Kingsley Idehen posted a thoughtful article on URI, URL, and linked data this weekend. In the style of Q&A, the post concisely answers some of the most confusing questions about linked data. It explains the subtle distinction between URI and URL when dealing with the linked data. Moreover, the post implies that "a new level of Link Abstraction on the Web" is likely needed for us in order to efficiently consume the linked data Web.
After I left a comment for the post, however, I feel the issue deserve a second thinking. Before approaching forward, I pasted the main section of my original comment to Kingsley's post in the following.
Another thought I have, however, is that we may have three, in contrast to two, fundamental definitions on describing the Web. The two well-known ones are data and service; or in RDF we define Class and Property respectively. Until now, we assert the third one---link---to be nothing but a special form of data. The reality is, however, that this special form is so special that we may consider to give it a little bit honor so that it becomes the third member of the fundamental building block of the Web. That is, a link is not a data, and nor is it a service, but a link. Or with respect to your post, a URI is not a data, but a form of link, PERIOD.
I believe that this distinction, once it is made, could be important as well as valuable. A trick thing here is that, following this distinction we can start to think of other forms of links that is beyond URI (which is just a binary model). By contrast, we may start to invent the links in higher order, such as the link of links (metalink) or the thread of links (group link). Be honest, if the Web is moving towards a web of linked data (and I believe so since the Web data is more and more interconnected), we must breakthrough this traditional thinking of the link model. The key is, however, from today we start to think link to be link but not a data.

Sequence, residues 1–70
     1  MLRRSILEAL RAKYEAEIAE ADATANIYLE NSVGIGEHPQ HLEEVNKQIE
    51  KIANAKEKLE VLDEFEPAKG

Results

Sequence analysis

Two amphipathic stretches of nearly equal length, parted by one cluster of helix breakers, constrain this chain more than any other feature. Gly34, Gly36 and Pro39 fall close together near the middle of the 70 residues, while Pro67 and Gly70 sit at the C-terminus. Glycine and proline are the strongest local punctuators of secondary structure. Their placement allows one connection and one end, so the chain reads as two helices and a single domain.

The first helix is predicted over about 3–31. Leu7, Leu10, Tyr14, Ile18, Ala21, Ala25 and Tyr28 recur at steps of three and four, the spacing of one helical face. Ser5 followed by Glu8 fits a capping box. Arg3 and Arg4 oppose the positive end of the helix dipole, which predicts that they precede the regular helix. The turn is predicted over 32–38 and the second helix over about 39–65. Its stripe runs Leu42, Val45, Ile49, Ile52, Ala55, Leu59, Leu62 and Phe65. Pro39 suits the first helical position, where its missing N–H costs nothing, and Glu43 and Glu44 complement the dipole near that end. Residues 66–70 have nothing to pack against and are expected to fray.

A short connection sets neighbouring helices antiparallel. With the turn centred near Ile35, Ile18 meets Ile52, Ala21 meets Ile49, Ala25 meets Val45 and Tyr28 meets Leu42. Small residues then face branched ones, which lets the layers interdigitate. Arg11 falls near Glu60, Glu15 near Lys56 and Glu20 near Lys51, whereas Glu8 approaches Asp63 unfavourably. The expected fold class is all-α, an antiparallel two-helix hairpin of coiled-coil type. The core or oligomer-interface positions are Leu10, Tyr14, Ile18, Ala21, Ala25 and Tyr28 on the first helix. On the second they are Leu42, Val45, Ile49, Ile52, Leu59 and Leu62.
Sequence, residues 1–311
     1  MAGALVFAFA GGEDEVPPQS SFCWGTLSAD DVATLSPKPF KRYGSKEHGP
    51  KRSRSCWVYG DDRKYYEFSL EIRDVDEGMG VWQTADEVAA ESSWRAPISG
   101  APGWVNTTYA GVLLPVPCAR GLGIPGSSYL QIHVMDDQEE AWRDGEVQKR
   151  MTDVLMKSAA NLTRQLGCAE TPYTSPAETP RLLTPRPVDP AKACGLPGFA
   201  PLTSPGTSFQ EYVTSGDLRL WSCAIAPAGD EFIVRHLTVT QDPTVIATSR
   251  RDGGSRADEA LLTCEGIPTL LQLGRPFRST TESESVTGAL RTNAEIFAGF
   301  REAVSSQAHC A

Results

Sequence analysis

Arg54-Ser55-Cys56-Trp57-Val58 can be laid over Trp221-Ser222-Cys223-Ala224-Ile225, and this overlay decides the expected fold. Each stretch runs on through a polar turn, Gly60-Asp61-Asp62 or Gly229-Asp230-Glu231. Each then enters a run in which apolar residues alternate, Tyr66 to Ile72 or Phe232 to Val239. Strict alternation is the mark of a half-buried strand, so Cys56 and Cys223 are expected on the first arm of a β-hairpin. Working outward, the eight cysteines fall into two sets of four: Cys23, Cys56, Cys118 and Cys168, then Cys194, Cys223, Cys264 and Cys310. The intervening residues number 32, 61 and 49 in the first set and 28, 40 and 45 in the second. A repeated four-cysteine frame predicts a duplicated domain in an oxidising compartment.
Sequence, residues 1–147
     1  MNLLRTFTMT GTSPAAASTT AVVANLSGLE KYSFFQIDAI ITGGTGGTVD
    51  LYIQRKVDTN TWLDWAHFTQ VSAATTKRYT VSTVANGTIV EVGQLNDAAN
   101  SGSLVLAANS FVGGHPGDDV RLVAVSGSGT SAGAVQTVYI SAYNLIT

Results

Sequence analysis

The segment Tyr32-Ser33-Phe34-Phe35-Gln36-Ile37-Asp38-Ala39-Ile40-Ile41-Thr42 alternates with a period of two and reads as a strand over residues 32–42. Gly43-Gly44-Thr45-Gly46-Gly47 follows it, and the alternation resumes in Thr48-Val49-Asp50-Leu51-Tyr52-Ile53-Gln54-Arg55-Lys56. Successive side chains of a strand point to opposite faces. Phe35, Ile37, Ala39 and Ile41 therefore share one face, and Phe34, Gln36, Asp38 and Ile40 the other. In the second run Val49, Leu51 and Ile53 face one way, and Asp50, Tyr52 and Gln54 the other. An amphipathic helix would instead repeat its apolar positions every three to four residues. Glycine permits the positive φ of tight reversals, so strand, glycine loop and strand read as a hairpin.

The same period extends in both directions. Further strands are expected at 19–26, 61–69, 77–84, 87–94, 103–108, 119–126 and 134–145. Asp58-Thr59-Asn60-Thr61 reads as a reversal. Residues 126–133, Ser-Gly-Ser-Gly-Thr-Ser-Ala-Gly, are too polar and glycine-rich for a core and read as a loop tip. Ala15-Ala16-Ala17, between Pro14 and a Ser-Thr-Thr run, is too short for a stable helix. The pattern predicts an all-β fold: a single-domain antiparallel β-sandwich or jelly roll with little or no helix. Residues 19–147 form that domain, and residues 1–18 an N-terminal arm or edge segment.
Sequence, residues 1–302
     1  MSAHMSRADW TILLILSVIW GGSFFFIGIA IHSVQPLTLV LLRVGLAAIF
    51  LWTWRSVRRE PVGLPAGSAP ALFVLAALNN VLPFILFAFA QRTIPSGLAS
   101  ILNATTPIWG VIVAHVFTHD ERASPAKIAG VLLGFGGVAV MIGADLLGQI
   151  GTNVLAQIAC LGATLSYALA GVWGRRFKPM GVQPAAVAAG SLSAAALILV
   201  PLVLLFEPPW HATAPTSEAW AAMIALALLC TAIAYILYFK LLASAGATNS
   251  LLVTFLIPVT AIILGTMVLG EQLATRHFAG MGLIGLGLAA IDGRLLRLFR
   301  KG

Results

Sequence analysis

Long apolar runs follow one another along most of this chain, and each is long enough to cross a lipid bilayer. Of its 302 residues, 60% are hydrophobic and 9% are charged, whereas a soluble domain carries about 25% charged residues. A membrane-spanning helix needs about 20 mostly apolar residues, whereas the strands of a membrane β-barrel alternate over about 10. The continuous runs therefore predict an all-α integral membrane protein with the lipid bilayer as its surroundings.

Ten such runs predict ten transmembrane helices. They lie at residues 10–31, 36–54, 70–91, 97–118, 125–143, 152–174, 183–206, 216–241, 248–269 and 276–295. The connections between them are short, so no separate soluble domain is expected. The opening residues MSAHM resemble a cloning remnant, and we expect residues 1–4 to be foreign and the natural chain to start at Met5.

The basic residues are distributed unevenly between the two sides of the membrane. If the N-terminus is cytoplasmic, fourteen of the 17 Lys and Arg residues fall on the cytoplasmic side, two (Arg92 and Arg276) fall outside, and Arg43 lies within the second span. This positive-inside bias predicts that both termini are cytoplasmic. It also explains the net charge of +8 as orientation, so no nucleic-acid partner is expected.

World Wide Web: from the dualistic view to the ternaristic view
The thought that Web link is a fundamental element of the Web that is independent to data and service was originated when I wrote a model of Web evolution. (Actually, it could be traced back to January 2007 when I first started to think of how the Web evolves.) By observing the evolution of the Web, more and more I felt that data, service, and Web link are three equivalently fundamental elements of the Web. This interpretation of the Web is different from the classic dualistic view of the Web in which the Web is said to be built upon two fundamental first-class entities: data (which expresses the static description) and service (which expresses the dynamic action). In this classic dualistic model, Web link is a special second-class member that is partially static description and partially implied by dynamic action.